Uprooting sin

2 October 2016
Twentieth Sunday after Pentecost
Proper 22C (RCL)
Lamentations 1:1-6
Psalm 137
2 Timothy 1:1-14
Luke 17:5-10

We do not like the ninth verse of Psalm 137, “Happy shall he be who takes your little ones and dashes them against the rock!” In the LXX the word for “happy” is makarios, which means something like “how honorable.” I suppose this might make more sense if we had ever been in the position of a vanquished people. Even so, we think, surely God does not desire that kind of vengeance, right? That’s why the psalmist can express it to God and then just leave it there. Reading the Lamentations and singing the psalm puts the word of the oppressed on our lips, and forces us to begin to see things from another perspective.

The reading from the Gospel also seems a bit hopeless: when we have done what we ought to have done, we are to say that we are worthless servants. Where is the hope. The figure of the mulberry tree also seems a bit strange: why would one want to uproot a mulberry tree and plant it in the sea? In Mark’s Gospel, the statement about faith the size of a mustard seed concerns “this mountain.” Jesus has cursed the fig tree, and then gone into Jerusalem and delivered the parable about the vineyard and its tenants. On the way in the next morning, the disciples see the withered fig tree. Jesus says that if they had faith the size of a mustard seed, they could say to “this mountain” to be thrown into the sea and it would happen. Clearly “this mountain” is Zion — Christianity will replace the unfaithful tenants of the vineyard.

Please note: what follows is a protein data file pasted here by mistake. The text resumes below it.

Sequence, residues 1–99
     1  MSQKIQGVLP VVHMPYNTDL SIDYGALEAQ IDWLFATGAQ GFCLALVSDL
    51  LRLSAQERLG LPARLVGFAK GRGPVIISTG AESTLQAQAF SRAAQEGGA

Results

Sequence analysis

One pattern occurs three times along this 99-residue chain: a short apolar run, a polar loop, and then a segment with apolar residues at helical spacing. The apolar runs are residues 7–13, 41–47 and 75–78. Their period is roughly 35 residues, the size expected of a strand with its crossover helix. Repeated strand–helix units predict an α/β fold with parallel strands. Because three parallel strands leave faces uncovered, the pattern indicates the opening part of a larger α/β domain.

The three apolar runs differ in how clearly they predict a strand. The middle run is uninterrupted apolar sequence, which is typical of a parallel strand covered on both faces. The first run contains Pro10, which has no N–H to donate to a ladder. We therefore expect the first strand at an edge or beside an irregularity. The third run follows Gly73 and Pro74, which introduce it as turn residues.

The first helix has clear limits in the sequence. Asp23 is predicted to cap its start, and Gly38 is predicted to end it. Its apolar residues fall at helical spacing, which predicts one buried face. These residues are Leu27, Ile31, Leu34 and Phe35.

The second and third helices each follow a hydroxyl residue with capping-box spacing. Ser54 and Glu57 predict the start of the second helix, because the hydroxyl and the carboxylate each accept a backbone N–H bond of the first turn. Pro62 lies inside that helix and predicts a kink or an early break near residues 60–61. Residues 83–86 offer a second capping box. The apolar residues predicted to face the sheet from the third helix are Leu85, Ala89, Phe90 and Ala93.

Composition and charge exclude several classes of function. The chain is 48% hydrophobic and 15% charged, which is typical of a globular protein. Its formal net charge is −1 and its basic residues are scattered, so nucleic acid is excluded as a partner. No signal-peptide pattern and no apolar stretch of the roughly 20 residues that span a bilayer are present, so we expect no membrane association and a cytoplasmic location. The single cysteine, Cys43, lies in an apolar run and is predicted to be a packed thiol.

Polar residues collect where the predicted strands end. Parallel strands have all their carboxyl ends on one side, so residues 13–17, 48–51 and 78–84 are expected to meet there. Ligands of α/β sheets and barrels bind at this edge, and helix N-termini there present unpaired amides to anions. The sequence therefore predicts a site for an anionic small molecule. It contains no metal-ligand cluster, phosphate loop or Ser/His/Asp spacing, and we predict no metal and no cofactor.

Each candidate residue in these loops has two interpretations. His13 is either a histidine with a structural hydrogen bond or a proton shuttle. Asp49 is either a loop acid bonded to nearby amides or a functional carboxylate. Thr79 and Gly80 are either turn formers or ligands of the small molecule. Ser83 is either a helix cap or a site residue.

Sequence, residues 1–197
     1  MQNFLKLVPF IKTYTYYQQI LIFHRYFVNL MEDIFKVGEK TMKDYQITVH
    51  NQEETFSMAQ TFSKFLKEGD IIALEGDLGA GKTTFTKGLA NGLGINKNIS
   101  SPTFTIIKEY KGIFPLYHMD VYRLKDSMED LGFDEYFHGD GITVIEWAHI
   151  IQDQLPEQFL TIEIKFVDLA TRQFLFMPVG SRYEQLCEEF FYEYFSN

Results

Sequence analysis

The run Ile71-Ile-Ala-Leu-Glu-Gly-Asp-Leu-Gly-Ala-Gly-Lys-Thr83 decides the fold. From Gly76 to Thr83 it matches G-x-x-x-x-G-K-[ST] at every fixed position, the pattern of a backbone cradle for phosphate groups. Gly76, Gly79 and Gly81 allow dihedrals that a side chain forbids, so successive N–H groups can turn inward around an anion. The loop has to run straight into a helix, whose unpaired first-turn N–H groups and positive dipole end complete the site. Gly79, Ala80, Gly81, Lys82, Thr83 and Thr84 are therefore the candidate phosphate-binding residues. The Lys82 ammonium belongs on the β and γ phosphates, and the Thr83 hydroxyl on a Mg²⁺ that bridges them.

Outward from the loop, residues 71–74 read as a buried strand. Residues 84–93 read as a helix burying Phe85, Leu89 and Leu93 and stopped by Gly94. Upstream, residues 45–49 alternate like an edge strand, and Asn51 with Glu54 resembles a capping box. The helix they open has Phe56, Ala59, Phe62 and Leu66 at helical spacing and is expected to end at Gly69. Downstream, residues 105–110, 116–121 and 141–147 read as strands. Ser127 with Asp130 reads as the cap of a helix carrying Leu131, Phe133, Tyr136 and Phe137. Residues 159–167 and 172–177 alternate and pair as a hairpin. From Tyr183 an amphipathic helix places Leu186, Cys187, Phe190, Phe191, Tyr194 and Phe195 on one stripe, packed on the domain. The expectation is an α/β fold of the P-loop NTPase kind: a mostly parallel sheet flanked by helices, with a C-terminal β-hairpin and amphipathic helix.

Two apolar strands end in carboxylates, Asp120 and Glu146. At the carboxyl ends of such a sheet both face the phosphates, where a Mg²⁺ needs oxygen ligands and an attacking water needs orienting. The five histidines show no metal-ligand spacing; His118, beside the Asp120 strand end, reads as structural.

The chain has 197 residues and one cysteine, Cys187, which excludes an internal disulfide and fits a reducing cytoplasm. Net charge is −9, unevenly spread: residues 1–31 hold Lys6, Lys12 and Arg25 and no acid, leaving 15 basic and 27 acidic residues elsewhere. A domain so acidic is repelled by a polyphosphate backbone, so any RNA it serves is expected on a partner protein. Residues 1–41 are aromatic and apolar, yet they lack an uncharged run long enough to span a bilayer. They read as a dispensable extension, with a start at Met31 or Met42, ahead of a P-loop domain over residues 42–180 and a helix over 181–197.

In Luke, the figure of the mulberry tree (in Greek sycamine, not far from fig, sykos) comes after sayings about causes for sin, correcting a wayward brother or sister, and forgiving seven times a day if necessary. These are acts performed to maintain relationships within community. The mulberry tree then perhaps represents the entangled system of sin and injustice within a community. It is difficult to uproot. Then the figure of the slaves makes sense. It takes much work and a long time to root out these systems, and we can’t expect thanks for having worked.

In our current situation, my thoughts turn immediately to the Black Lives Matter movement. Saying the Lamentations and Psalm forces us (white people) to hear the lament of our brothers and sisters. The work to remove these systems of injustice will be hard, and we can expect thanks for doing it, but if we have even a little faithfulness, we can in fact uproot it and plant it in the sea.

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